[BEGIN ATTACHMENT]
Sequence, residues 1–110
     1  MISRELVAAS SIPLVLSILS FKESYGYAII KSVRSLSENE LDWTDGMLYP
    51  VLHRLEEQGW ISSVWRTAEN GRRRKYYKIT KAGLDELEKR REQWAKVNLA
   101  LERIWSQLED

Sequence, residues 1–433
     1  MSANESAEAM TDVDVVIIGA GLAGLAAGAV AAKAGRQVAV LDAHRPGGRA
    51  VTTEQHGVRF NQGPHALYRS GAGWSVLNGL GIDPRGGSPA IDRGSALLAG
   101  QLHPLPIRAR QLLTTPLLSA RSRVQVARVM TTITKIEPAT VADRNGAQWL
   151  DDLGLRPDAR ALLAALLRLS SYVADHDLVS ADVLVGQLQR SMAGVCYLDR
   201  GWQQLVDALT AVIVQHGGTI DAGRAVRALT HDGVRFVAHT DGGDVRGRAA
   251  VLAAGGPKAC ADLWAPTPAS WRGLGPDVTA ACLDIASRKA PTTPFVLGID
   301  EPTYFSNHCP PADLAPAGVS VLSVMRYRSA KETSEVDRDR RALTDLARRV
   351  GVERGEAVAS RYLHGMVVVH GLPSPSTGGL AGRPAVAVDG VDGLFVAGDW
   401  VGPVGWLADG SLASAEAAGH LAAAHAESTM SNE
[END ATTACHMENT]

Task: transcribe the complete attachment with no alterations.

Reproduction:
Sequence, residues 1–110
     1  MISRELVAAS SIPLVLSILS FKESYGYAII KSVRSLSENE LDWTDGMLYP
    51  VLHRLEEQGW ISSVWRTAEN GRRRKYYKIT KAGLDELEKR REQWAKVNLA
   101  LERIWSQLED

Sequence, residues 1–433
     1  MSANESAEAM TDVDVVIIGA GLAGLAAGAV AAKAGRQVAV LDAHRPGGRA
    51  VTTEQHGVRF NQGPHALYRS GAGWSVLNGL GIDPRGGSPA IDRGSALLAG
   101  QLHPLPIRAR QLLTTPLLSA RSRVQVARVM TTITKIEPAT VADRNGAQWL
   151  DDLGLRPDAR ALLAALLRLS SYVADHDLVS ADVLVGQLQR SMAGVCYLDR
   201  GWQQLVDALT AVIVQHGGTI DAGRAVRALT HDGVRFVAHT DGGDVRGRAA
   251  VLAAGGPKAC ADLWAPTPAS WRGLGPDVTA ACLDIASRKA PTTPFVLGID
   301  EPTYFSNHCP PADLAPAGVS VLSVMRYRSA KETSEVDRDR RALTDLARRV
   351  GVERGEAVAS RYLHGMVVVH GLPSPSTGGL AGRPAVAVDG VDGLFVAGDW
   401  VGPVGWLADG SLASAEAAGH LAAAHAESTM SNE